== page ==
What is a radical neck dissection? when is it done?

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What is a radical neck dissection? The surgeon removes a block of tissue from the collarbone to the jaw and from the front to the back of the neck. The large muscle on the side of the neck that is used for rotating, flexing or extending the neck is also taken out, along with the major vein on the side of the neck. Sometimes, a less drastic operation, called a supraomohyoid neck dissection is done. This takes out only the lymph nodes, the tissue surrounding the nodes and a muscle at the front of the neck. Another technique, called a functional neck dissection, saves the muscles of the neck, taking out only the lymph nodes and tissues surrounding them.
What kind of incision is made with a radical neck dissection? The incision depends upon what the surgery is for. It can run from below the ear to the collarbone. Everything in the front of the neck on one side or on both sides may be removed. This may include the lymph nodes, blood vessels, nerves, and the salivary gland under the jawbone.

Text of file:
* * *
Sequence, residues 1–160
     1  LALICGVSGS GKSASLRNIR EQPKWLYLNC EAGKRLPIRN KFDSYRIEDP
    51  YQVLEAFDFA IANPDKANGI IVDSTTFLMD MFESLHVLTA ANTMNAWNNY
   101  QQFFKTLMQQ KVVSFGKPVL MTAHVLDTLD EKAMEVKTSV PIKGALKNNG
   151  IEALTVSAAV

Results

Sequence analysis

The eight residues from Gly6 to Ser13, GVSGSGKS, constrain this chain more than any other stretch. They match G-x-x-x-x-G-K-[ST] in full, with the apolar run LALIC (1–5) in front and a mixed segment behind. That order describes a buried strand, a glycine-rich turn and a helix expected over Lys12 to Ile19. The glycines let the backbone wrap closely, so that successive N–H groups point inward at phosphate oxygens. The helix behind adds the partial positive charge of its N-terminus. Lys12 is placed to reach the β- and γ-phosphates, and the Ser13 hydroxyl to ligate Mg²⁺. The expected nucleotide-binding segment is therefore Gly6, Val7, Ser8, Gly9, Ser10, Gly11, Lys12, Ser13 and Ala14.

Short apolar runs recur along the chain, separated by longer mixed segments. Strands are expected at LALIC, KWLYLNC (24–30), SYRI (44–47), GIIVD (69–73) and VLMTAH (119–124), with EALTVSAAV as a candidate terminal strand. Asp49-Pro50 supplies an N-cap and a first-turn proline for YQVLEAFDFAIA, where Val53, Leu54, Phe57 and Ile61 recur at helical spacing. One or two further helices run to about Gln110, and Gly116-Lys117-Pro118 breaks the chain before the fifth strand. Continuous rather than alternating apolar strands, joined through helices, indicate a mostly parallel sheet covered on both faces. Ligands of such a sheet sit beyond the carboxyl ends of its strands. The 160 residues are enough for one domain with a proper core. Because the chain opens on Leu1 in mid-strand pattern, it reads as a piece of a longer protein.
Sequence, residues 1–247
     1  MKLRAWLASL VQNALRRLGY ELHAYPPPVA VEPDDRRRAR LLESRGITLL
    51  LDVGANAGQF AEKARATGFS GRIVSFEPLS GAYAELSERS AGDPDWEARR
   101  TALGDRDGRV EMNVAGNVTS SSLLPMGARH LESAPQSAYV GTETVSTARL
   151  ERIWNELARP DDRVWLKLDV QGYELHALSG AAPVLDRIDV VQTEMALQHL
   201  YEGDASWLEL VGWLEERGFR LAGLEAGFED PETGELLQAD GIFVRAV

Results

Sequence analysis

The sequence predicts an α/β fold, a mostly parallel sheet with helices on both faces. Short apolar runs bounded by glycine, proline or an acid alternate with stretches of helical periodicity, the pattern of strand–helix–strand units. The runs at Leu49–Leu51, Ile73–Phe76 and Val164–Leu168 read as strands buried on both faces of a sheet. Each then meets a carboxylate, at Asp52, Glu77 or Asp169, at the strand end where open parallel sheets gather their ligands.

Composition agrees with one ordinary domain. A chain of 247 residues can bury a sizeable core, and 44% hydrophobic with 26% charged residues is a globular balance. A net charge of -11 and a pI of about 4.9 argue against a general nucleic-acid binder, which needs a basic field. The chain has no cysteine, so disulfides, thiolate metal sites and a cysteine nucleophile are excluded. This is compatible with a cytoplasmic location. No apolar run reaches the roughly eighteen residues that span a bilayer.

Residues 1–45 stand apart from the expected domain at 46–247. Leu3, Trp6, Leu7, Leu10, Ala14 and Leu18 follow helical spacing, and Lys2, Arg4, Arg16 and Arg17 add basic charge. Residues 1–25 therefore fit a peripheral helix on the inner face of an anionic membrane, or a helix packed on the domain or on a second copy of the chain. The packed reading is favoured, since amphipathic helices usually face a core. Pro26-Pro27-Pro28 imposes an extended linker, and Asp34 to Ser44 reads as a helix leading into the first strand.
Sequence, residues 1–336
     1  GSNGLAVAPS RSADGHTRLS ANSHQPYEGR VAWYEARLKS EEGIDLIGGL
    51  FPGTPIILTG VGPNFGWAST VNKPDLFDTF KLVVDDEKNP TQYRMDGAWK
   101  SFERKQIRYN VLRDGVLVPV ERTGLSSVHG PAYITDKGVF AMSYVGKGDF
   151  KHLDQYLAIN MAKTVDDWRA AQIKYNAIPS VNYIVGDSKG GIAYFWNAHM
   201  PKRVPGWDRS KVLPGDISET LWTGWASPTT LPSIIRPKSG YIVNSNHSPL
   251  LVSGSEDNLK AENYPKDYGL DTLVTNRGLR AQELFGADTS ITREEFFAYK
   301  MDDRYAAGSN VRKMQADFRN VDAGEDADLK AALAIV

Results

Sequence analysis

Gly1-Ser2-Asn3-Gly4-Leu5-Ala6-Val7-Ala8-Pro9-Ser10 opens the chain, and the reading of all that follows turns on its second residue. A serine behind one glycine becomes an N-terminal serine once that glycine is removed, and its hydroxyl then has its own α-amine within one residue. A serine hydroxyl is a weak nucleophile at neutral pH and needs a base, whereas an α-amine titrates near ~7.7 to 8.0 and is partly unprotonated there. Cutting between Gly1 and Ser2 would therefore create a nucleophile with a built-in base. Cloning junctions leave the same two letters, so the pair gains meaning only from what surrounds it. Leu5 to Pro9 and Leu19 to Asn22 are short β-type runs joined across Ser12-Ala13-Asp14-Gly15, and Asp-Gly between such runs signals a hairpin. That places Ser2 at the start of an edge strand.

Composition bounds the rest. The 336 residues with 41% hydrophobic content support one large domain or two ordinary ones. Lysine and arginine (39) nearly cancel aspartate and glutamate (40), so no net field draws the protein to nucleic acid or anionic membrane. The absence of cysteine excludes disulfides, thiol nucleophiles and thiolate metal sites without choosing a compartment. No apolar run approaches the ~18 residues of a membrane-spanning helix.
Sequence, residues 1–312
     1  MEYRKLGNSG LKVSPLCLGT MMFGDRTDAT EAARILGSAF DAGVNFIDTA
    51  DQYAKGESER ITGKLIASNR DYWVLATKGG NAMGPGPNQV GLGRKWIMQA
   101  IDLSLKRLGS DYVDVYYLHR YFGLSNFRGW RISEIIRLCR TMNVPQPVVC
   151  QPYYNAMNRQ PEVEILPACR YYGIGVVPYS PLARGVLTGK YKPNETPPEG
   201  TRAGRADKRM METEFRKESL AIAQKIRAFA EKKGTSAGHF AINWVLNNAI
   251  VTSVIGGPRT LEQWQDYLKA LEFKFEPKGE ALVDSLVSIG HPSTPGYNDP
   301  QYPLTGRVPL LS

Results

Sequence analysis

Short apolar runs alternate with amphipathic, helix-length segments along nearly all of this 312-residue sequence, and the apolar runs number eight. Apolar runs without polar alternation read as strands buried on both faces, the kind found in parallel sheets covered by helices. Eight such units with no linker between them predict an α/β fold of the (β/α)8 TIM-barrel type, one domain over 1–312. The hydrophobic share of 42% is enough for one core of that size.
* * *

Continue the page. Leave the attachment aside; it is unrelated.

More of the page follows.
How to treat enlarged spleen? How to cure enlarged spleen?

The Spleen

New functions of the spleen are still being discovered. This fist sized organ is situated high up under the left ribs in direct contact with the stomach, diaphragm, intestine and kidney. The spleen serves as an internal reservoir for blood, and this stored blood can be squeezed out into the general circulation in stress situations. It normally destroys the red blood cell corpuscles that have attained maturity.

The diseases of the spleen with which the surgeon is concerned are new growths and excessive and erratic activity of the spleen that destroys too many blood elements. The spleen is a nonessential organ, and one can live normally without it. It is probable that more spleens are removed because they are injured or because they lie close to tumors in adjacent structures than because they are intrinsically diseased. Only certain specific blood disorders are improved by removal of the spleen.